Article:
Amy Walden, mother of three, has been at Lee Arrendale for three years.
“I’m a lifer,” she said.
Walden’s parents visit her, as does her oldest child, Heather.
“I was raised in the Catholic Church,” said Walden, age 37.
Having already received the sacraments of initiation, Walden rediscovered her faith in prison.
“This keeps me sane,” she said. When Walden misses Mass, it throws her off. She reads the Bible, attends a Bible study and prays a lot.
“I do a lot of novenas,” she said.
Once a quarter, the Catholic inmates and friends coming because of interest in the church, draw a saint’s name and compare the saint’s life to their own.
Walden said she most identifies with St. Jude, patron of lost and desperate causes.
Convicted of the murder of her husband, Walden briefly discussed her sentence and spiritual growth.
“I’ll just say I don’t want to be here,” she said. “I’ve grown a lot closer to God.”
Before the jail sentence, Walden took college courses in mechanical engineering. Now, she is a teacher’s aide for GED classes for inmates in math and science.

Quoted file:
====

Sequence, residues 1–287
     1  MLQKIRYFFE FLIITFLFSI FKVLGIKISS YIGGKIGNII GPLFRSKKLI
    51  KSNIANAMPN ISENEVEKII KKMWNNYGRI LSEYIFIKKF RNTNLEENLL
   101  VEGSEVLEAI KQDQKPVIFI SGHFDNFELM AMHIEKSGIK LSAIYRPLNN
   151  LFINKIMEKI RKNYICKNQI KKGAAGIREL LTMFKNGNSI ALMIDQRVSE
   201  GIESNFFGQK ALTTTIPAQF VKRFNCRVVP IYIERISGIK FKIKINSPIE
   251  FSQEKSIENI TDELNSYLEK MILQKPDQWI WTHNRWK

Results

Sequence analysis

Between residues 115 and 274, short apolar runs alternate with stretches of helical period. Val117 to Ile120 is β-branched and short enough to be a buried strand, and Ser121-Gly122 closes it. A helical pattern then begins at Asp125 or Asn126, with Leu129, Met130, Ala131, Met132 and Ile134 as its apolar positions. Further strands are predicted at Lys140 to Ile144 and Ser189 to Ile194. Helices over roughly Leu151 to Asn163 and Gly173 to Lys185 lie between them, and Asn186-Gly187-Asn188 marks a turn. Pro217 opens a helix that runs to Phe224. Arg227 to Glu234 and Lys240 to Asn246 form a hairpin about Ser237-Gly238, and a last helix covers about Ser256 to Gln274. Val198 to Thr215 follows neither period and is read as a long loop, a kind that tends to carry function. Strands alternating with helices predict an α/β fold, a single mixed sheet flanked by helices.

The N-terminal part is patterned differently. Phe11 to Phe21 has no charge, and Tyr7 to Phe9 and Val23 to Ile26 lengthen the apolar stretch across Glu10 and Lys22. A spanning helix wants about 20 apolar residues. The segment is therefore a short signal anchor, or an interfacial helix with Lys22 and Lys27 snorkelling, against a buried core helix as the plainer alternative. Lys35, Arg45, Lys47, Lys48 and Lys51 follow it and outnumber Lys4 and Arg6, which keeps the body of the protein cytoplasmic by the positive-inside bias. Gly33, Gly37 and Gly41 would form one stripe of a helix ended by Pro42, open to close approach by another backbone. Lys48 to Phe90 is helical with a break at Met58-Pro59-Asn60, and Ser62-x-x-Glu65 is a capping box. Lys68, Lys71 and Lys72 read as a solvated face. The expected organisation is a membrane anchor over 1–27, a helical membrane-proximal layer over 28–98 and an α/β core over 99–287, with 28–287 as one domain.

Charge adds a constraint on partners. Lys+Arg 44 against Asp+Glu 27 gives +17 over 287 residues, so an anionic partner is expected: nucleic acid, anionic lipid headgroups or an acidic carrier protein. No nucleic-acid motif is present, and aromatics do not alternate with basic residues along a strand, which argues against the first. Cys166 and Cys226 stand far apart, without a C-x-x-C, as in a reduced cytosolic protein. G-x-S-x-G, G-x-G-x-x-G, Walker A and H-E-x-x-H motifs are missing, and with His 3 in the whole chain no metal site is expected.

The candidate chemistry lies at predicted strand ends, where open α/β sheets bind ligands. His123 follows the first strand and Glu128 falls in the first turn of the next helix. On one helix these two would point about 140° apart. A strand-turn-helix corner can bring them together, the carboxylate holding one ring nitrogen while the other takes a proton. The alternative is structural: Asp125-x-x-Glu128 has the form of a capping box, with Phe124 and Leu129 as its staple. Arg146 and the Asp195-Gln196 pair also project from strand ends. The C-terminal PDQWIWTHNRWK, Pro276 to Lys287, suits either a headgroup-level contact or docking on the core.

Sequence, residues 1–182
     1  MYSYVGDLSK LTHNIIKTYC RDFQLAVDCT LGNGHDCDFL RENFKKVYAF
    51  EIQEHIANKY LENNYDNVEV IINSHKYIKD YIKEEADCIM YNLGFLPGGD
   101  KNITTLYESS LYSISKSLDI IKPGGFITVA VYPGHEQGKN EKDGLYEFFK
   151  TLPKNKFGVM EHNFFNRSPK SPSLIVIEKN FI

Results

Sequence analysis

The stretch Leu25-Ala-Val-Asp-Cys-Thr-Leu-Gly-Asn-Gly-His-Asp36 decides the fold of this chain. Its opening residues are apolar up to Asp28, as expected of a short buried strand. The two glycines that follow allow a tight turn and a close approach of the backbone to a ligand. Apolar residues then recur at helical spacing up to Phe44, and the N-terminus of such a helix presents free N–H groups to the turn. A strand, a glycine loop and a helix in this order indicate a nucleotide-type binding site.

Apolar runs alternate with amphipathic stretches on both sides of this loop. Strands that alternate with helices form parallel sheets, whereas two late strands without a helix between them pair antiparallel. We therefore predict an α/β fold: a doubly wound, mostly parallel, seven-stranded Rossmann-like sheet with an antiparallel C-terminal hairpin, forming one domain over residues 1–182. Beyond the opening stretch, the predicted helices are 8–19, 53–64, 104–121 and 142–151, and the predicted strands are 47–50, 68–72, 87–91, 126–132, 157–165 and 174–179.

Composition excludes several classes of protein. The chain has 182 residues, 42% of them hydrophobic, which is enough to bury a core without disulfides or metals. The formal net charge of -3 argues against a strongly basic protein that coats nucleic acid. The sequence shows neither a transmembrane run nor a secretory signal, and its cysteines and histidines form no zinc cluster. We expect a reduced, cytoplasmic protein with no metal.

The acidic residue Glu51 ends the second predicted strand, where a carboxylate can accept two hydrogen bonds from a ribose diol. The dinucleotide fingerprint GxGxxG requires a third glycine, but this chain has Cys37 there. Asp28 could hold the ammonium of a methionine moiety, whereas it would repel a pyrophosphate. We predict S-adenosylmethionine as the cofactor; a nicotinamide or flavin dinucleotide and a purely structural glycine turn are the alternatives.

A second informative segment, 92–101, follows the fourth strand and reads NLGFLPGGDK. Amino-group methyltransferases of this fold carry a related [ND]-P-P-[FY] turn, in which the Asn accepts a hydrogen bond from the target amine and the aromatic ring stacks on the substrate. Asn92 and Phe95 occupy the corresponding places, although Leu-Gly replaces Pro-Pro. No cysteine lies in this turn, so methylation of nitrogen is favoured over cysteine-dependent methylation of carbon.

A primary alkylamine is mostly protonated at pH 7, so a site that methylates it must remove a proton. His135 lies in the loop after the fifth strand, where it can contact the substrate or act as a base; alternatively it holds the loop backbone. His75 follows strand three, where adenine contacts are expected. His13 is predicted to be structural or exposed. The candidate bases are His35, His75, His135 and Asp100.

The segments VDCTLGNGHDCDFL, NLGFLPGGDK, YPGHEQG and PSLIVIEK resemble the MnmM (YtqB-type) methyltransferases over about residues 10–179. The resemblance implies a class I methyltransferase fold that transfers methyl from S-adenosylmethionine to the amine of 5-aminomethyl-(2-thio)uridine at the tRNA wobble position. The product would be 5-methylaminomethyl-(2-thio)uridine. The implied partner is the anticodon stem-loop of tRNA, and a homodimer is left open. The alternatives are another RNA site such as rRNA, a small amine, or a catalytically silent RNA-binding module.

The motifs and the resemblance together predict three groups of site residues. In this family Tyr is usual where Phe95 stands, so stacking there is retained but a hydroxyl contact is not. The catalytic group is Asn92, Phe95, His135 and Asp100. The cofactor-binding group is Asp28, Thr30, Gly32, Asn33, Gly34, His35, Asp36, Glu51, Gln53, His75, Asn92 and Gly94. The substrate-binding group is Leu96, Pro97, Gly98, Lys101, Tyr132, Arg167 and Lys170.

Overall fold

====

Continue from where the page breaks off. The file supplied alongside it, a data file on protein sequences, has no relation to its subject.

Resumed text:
Walden explained that many prisoners forget what’s outside for them and called that sad. “It’s a community within itself,” she said.
For Walden, the prison ministry brings her God’s peace.
“The volunteers bring love. It’s really hard to feel accepted and loved,” she said.
Caruso shared a miraculous story relating to his teaching the women prisoners the devotion to Mary, Undoer of Knots. The devotion is hundreds of years old but recently became more prominent because Pope Francis promoted it.
One of the inmate’s mothers came for an emergency visit from Florida. This prisoner had not seen her mom in seven years, but she had been praying a novena to Mary, Undoer of Knots.
The mother told her daughter, “You were dead to me,” but that out of the blue she was compelled to come and see her. Now, the mother is trying to arrange a transfer for her daughter to a Florida prison so they can be closer.
Deacon Casey of St. Thomas Aquinas Church gave the homily for the confirmation Mass.
He reflected on the Gospel reading of Luke 24 when Cleopas and an unnamed disciple meet the risen Jesus on the road to Emmaus but do not recognize him.
“What can we take with us this evening?” asked the deacon. “Each of us is special to him. Are we really recognizing Jesus in ourselves and others?”
In identifying Deacon Bernie Casey as the minister of the sacrament of baptism, this article has been corrected from the print edition of the story.
For more information on St. Joseph Cafasso Prison Ministries, Inc., visit www.stjosephcafasso.org. Donations can be made online or mailed to: St. Joseph Cafasso Prison Ministries, Inc., 12460 Crabapple Road, Suite 202-213, Alpharetta, GA 30004.